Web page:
So, first off, for those who don't know, Road to Perdition is my favorite movie of all time. Near-perfect, in my opinion. Its flaws are so minor, one must nitpick to expose them, and most won't even bother. It is not a film designed to make you feel good, however, which (at least partially) explains why it's not a more popular film than it is.
That stated, it's the best movie ever. I even wrote a term paper about it in film school. Because I'm smart.
Anyway, after having seen the film multiple times, I acquired the original graphic novel by Max Allan Collins, a pulp/private eye writer of some note, whose work I had never read. I was surprised by just how different the graphic novel is to the film (especially in regard to exactly how far the "road" actually was, and to the depiction and ultimate fate of Michael, Jr.). In the end, though I quite like the source material, the movie remains the superior narrative.
This was all at least ten years ago. Probably closer to fifteen, but who's counting?
Fast forward to 2017. As I'm shopping Amazon for something (probably more books), the inevitable "Amazon recommendations" pop up, and I'm quite intrigued by one in particular: a book sequel to Road to Perdition called Road to Purgatory.
I was like, "Whaaaaat?"
I went down the rabbit hole of clicks and learned that there was a second novel adaptation of the movie, and two novel sequels to the graphic novel version of Road to Perdition (How does one annotate a graphic novel? Underline? Italics? Remind me to look that up later.): the aforementioned Road to Purgatory and Road to Paradise.
And as it just so happened, Brash Books had published the updated adaptation (Collins had wanted to properly adapt the story in novel format - the original was simply a novelization of the film - and Dreamworks finally let him) and had reprinted the first sequel, with the second sequel scheduled for the end of May, 2017 (a fact I only discovered a couple of days ago, at which point I promptly ordered my copy).
So I read it.
It's good. It's not great, and it certainly takes getting used to Collins' comma-happy, run-on runs-on run-ons, but it's good. Stylistically, he chose a weird pairing of diary type entries at the beginning of each chapter (from the perspective of Michael, Jr.) and traditional prose (albeit with run-on sentences form Hell) for the remainder of the book. This also took some getting used to, but once I was about halfway through the book, I didn't really mind it.
There are some added moments for the main characters from the film, as well as some new supporting characters (some of which appear in the film's deleted scenes) that help to add color to the narrative and ground the story in reality.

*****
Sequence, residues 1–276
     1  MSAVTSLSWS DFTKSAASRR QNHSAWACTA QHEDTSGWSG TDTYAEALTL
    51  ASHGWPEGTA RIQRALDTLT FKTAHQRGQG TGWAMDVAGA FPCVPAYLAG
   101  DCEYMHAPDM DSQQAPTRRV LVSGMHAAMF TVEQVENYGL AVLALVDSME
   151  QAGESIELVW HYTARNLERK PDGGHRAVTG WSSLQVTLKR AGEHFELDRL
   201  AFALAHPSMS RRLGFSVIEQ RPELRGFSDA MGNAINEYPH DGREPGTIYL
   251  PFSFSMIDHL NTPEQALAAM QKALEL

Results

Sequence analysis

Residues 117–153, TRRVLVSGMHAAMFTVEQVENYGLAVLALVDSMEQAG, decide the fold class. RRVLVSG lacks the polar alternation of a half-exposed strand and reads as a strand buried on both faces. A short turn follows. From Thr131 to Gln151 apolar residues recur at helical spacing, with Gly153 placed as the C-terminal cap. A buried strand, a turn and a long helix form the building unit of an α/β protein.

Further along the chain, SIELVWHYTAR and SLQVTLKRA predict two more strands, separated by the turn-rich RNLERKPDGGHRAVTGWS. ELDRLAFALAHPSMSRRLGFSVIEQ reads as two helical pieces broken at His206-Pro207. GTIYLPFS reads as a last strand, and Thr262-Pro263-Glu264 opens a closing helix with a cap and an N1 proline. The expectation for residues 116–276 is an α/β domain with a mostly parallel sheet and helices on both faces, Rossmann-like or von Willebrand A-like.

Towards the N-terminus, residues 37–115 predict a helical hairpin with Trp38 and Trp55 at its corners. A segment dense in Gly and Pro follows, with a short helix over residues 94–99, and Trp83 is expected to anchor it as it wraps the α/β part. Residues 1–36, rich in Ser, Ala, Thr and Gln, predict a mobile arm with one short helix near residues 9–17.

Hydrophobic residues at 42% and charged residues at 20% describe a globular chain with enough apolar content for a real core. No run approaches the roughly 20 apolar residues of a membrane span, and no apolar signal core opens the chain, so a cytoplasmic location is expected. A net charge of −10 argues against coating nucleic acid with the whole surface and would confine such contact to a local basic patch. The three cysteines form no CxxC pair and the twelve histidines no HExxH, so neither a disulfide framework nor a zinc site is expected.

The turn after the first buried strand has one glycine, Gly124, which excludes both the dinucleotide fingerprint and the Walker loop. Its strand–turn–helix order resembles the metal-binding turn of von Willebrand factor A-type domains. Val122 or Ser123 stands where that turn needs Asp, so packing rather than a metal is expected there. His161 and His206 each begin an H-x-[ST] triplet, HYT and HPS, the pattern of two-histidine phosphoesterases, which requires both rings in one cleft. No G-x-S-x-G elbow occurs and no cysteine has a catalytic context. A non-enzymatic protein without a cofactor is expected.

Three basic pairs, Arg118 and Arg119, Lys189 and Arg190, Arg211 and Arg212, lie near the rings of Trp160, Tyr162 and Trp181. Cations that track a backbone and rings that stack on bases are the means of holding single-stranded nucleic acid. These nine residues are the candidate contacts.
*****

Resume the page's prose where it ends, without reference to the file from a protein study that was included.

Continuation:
But, despite Road to Perdition topping my favorite films list, Road to Perdition doesn't come anywhere near my favorite books list. I'm doubting it even sits in my top 100. Granted, I used to read a lot, so maybe that's not such a big deal.
Anyway, if you like the movie and/or the graphic novel, and are interested in the further adventures of Michael, Jr., it's worth a read. I am, I'll admit, anxious to read Road to Purgatory, but I have to read a history of forensics first (for work and all that boring shit).
For those interested, there are apparently several comic book sequels to the original graphic novel, as well. I have not read any of them, however, though I hope to in the near future.
I'm going to give Road to Perdition 3 stars (out of 5) for style, and 4 stars for story. That's an Irre(x2) Aggregate of 12 (I'll explain later).
I should really get graphics made.
Edit: Adjusted the star ratings to reflect my brand-spanking-new rating system. I'll explain that shit in a later post. :)
I have, to date, read well over two dozen books on screenwriting and its related mediums (theatre, specifically). While most - if not all -...
* This is the first part of what will hopefully be a nine-part entry in the River of Mnemosyne challenge that's happening over at The ...
When great minds gather, things change. Academic and intellectual rebellion is a given. The status quo starts to bend. The pen, they say, is...
There's the Army. There's the Marine Corps. On paper, almost 100% identical in tactics, strategy, logistics, and mission. Sure, t...